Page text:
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The impact of the reserve military neurosurgeon: practice, community, and service

Richard Menger, Benjamin F. Mundell, J. Will Robbins, Peter Letarte, Randy Bell, and in conjunction with Council of State Neurosurgical Societies and AANS/CNS Joint Committee of Military Neurosurgeons


Papers from 2002 to 2017 have highlighted consistent unique socioeconomic challenges and opportunities facing military neurosurgeons. Here, the authors focus on the reserve military neurosurgeon who carries the dual mission of both civilian and military responsibilities.


Survey solicitation of current active duty and reserve military neurosurgeons was performed in conjunction with the AANS/CNS Joint Committee of Military Neurosurgeons and the Council of State Neurosurgical Societies. Demographic, qualitative, and quantitative data points were compared between reserve and active duty military neurosurgeons. Civilian neurosurgical provider data were taken from the 2016 NERVES (Neurosurgery Executives Resource Value and Education Society) Socio-Economic Survey. Economic modeling was done to forecast the impact of deployment or mobilization on the reserve neurosurgeon, neurosurgery practice, and the community.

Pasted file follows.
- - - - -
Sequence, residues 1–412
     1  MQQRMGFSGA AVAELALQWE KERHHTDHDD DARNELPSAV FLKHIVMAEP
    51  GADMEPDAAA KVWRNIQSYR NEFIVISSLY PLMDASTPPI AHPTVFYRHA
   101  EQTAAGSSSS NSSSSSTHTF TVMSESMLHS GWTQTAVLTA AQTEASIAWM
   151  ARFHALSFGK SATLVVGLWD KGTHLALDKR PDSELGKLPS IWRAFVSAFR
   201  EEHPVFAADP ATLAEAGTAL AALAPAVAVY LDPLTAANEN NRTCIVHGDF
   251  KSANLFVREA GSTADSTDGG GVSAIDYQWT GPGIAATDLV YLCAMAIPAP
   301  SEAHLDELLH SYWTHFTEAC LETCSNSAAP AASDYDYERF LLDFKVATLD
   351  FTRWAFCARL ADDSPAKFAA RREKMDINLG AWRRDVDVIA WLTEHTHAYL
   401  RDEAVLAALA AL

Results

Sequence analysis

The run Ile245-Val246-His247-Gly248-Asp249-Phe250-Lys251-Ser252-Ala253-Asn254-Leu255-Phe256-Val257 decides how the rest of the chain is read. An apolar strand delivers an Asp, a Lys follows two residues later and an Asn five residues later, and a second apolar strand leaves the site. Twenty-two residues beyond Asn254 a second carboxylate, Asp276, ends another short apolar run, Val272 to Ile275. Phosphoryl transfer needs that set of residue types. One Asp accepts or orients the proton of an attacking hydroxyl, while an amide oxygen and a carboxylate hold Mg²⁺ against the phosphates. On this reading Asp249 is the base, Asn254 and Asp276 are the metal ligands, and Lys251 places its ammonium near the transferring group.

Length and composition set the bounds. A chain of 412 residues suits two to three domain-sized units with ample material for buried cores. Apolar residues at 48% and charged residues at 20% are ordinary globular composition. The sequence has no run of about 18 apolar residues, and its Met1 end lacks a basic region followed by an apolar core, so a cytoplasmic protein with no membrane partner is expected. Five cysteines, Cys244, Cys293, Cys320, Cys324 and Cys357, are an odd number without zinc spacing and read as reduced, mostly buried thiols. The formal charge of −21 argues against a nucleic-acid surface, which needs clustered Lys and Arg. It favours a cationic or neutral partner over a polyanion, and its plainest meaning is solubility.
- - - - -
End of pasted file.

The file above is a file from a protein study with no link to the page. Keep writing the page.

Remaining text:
Seventy-five percent (12/16) of current reserve neurosurgeons reported that they are satisfied with their military service. Reserve neurosurgeons make significant contributions to the military’s neurosurgical capabilities, with 75% (12/16) having been deployed during their career. No statistically significant demographic differences were found between those serving on active duty and those in the reserve service. However, those who served in the reserves were more likely to desire opportunities for improvement in the military workflow requirements compared with their active duty counterparts (p = 0.04); 92.9% (13/14) of current reserve neurosurgeons desired more flexible military drill programs specific to the needs of practicing physicians. The risk of reserve deployment is also borne by the practices, hospitals, and communities in which the neurosurgeon serves in civilian practice. This can result in fewer new patient encounters, decreased collections, decreased work relative value unit generation, increased operating costs per neurosurgeon, and intangible limitations on practice development. However, through modeling, the authors have illustrated that reserve physicians joining a larger group practice can significantly mitigate this risk. What remains astonishing is that 91.7% of those reserve neurosurgeons who were deployed noted the experience to be rewarding despite seeing a 20% reduction in income, on average, during the fiscal year of a 6-month deployment.